11. thecrazyscot

    thecrazyscot Spiffy

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    To be fair, I'm not a terribly good player. I was actually behind for most of the game until my momentum pushed me past the AI in the last quarter of the game. In Civ V I never won anything beyond King, so there's lots of room for me to optimize and improve. Some of the smaller cities were founded late in the game, and I made the mistake of not prioritizing food as quickly as I should have.

    IRT to the science victory, this is actually far more involved than the science victories of games past. I had much more to do. Every science victory in every iteration of civ has just been about maxing your science/production to build the "big cost thing".

    In this one, though, I was able to send my spies to sabotage their space district and set them back. I was able to build a bunch of Industrial projects to rush some key Great Engineers even though I had much fewer GE points than Kongo. This definitely felt more interactive to me than previous games.

    The great thing about the Japanese is that they enormously simplify adjacency bonuses by making a flat +1 per adjacent district (this includes specialty districts, common districts - Aqueducts, etc - and the city center). My Industrial districts also took advantage of mines/quarries, and my Commercial hubs I tried to sit next to a river whenever possible (+2 gold).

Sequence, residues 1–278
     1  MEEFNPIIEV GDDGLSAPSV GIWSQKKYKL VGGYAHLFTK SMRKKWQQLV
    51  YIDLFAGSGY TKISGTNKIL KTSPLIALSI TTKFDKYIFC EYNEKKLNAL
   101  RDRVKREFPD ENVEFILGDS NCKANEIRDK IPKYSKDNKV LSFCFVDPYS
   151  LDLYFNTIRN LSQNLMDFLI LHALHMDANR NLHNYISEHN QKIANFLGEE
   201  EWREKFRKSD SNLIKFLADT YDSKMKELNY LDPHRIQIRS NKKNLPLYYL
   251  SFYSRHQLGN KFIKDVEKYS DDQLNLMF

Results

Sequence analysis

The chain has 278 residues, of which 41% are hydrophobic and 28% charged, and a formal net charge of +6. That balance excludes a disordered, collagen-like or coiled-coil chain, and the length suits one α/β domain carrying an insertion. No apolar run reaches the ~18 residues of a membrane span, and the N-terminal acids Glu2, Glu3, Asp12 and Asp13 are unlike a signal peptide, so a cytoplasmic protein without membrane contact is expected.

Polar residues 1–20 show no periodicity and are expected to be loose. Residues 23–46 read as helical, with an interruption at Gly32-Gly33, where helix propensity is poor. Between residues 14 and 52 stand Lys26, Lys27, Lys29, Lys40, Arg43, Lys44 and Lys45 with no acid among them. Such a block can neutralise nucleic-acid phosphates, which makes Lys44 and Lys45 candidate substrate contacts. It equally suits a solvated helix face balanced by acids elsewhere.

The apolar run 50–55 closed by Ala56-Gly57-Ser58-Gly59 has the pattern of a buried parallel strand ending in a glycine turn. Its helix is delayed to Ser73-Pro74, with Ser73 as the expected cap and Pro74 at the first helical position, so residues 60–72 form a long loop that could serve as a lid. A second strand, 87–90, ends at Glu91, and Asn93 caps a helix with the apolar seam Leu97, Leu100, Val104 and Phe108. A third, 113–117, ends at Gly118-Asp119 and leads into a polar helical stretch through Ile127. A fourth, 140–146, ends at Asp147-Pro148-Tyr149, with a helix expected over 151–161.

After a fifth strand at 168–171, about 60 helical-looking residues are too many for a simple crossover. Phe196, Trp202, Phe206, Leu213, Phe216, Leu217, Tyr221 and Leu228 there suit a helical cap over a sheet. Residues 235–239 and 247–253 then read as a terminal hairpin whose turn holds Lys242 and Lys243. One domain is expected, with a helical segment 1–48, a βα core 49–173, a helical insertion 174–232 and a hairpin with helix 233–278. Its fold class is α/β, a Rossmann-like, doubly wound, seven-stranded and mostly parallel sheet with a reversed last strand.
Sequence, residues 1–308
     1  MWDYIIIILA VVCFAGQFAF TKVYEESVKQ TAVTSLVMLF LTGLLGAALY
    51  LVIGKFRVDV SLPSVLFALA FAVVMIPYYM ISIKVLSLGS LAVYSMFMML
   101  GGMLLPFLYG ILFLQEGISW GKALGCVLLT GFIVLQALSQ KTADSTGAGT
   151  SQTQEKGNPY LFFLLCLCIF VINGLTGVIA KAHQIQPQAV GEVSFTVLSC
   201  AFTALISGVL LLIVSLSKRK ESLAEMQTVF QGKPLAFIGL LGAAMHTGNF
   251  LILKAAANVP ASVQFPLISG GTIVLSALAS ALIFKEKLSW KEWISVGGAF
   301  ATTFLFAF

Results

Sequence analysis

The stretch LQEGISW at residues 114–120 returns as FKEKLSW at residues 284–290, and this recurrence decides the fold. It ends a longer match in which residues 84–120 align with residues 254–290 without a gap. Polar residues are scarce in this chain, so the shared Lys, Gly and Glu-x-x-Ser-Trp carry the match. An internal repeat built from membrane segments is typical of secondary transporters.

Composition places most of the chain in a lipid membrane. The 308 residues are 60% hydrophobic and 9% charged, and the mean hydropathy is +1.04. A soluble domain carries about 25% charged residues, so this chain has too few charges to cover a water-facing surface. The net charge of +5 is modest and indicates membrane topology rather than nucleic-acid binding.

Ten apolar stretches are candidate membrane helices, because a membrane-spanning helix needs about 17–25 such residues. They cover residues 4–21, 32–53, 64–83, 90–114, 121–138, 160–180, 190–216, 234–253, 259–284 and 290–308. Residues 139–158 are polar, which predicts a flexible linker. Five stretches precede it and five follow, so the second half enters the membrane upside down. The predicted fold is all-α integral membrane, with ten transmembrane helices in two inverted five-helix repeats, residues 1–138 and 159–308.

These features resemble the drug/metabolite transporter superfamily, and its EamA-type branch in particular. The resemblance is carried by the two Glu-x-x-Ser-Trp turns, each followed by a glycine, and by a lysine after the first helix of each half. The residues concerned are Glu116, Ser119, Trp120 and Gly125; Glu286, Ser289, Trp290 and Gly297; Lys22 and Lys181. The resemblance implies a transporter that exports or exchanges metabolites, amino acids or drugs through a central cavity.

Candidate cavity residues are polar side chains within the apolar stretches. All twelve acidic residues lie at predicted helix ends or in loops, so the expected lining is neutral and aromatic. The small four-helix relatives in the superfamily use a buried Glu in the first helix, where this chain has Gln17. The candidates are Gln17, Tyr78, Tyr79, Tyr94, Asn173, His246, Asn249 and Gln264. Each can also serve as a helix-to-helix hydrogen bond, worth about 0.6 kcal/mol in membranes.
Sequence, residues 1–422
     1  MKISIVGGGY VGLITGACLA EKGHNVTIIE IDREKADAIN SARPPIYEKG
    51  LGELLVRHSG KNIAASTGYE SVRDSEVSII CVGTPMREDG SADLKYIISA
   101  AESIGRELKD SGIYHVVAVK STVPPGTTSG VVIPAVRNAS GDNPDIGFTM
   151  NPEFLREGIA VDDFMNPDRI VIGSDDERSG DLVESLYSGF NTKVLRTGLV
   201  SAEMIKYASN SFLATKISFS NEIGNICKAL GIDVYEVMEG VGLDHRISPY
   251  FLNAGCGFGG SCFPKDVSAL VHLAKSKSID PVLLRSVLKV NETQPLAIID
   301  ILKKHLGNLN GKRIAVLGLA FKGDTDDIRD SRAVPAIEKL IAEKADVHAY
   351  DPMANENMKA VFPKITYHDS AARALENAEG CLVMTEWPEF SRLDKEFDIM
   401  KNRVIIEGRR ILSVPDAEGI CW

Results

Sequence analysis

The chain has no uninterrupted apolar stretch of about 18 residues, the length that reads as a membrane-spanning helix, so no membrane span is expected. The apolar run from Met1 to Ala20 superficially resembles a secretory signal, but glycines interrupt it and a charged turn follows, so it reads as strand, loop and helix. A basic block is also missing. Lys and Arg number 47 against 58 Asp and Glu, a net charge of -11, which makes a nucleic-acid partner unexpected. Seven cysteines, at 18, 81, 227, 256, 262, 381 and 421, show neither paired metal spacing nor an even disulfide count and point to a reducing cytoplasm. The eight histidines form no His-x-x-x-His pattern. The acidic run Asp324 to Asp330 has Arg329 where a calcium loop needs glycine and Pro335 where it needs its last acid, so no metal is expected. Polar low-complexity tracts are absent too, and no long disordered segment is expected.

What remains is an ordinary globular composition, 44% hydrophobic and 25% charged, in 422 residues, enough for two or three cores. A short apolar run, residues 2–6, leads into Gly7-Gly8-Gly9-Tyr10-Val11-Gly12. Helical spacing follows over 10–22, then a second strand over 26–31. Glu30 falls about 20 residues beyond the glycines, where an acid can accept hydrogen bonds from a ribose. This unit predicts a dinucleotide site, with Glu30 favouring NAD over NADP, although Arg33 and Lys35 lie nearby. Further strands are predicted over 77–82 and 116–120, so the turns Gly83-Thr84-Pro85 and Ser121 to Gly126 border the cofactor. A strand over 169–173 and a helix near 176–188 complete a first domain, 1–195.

In general, though, here's a great resource to help keep all the bonuses straight.
     
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  12. GhostSalsa

    GhostSalsa Emperor

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    I'm supportive of sub-optimal play and play for fun myself, my comment was more about how the game trivializes most of what cities do. Specifically that if you wanted to grow fantastic cities in V, it was easy, you looked for good terrain, and now in VI it's a micromanagement slog, and the terrain ends up not very relevant despite stated design intentions to the contrary, and it has not impact on what you can really do in the game (example, Ren era wonders hanging around until turn 340). As far as your late growth starts, that wouldn't matter if industrial growth rates actually scaled correctly (your turns until next pop are very high despite huge food inputs) which they need to, since after all New York City didn't exist before the Enlightenment era either
     
  13. mnf

    mnf King

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    Thank you for sharing these screenshots! This is one of those "when a plan comes together" moments that make strategy games so addictive. I've been playing tall since launch, and this really makes me want to just do a game where I settle each city with only 4 tiles in-between and force myself to see the synergies. It will definitely help people who like to play tall to try this and train their ability to see urban planning in a different perspective.